For the second time in my 20 years of work as a fishing guide, a client tipped me with a knife. Allen Elishewitz gave me a Hogue X5 when I took his wife and him fishing a couple of years ago. This time a client gave me an arguably even cooler piece – a Wilkinson Sword Company Model D RAF Survival Knife.
The company was founded by Henry Nock in the year 1772. Although accounts of his background are sketchy, it is thought that Henry Nock learnt his craft as a gun maker in Birmingham and came to London to seek his fortune. He made his name quickly, with a series of brilliant innovations that transformed the design and performance of sporting and military firearms, such as the ‘screwless’ lock.
When the British Government placed an order for 10,000 flintlock muskets and bayonets – then by far the largest contract ever – Wilkinson Sword became universally known as the supreme gun maker of the age.
In 1804, James Nock was appointed Gun Maker to George III, thus beginning a relationship between Wilkinson Sword and the British monarchy, which has lasted to the present day. On his death, that same year, Nock passed on the business to his apprentice and son-in-law, James Wilkinson, who had worked for the last ten years as Nock’s foreman and general manager.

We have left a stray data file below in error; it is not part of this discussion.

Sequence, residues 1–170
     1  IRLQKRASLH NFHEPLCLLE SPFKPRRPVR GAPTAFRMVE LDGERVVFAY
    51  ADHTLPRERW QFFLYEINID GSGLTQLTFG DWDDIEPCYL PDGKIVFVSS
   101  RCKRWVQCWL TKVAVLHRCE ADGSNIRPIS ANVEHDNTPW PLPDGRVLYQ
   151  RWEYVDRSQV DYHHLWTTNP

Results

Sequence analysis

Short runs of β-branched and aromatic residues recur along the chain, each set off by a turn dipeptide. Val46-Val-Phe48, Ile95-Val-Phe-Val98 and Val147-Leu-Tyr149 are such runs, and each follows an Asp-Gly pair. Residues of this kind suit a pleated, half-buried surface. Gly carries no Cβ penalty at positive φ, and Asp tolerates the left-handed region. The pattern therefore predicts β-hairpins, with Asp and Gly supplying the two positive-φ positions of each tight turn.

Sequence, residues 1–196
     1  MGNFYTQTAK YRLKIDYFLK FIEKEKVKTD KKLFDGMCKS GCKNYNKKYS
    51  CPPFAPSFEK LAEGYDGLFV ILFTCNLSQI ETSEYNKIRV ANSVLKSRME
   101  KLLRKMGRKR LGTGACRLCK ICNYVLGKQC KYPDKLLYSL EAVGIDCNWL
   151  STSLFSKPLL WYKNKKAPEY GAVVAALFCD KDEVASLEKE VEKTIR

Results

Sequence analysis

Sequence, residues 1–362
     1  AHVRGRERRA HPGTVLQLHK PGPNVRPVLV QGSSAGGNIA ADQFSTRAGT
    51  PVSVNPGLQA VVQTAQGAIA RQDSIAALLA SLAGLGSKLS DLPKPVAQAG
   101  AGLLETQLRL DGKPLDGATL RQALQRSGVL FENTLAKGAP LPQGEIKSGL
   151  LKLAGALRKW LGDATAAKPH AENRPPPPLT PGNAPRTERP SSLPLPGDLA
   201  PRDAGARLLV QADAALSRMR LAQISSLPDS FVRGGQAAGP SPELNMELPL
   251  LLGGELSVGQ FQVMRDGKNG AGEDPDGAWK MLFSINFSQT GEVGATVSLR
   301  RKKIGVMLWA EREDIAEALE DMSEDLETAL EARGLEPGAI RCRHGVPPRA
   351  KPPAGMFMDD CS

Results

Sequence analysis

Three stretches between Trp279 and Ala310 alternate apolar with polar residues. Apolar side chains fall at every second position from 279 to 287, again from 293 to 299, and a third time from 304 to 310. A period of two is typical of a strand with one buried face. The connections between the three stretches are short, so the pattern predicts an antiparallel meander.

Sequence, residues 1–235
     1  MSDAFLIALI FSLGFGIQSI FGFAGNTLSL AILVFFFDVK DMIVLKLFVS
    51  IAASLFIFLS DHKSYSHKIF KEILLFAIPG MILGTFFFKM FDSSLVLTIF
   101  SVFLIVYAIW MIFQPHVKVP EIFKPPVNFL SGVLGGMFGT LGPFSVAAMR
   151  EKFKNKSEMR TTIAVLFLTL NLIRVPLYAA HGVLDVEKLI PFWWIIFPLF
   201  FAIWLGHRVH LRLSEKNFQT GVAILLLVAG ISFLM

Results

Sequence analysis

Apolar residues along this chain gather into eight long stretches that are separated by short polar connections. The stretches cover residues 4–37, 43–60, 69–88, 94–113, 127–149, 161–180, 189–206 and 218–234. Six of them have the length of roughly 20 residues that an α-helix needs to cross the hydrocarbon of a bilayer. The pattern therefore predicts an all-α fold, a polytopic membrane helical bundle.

Wilkinson ceased operations in 2005, though parts of the company live on in various forms including Schick Razor Blades.
My client wasn’t an RAF pilot, but he was a Ranger in the British Army. He didn’t like the knife issued to him, and had a Supply Sgt. friend scrounge this one for him. I am touched beyond measure that he would give it to me.
The knife is a beast. It is a full 1/4′ thick. It is like a Kephart knife meets Bowie. That is because it was designed to be a weapon as well as a tool like the Bowie. Like the Kephart, it has a full convex grind, which is favored for its durability as well as a drop point profile (actually like the original Bowies)
Also like the Kephart, the Model D is a utility first blade. It isn’t much to look at, though the patina on mine is both beautiful and even. It isn’t a knife that I will carry, but it is in the kind of condition that it wouldn’t be blasphemy to make a tent stake and test out its chopping ability. After all, even Ethan Becker made a single tent stake with his original Kephart.
In the end, every time I see this knife I will think of 2 beautiful spring days spent with a wonderful guy on the streams of the Smoky Mountains. It is one of those “instant treasures” that I will hold onto and pass down.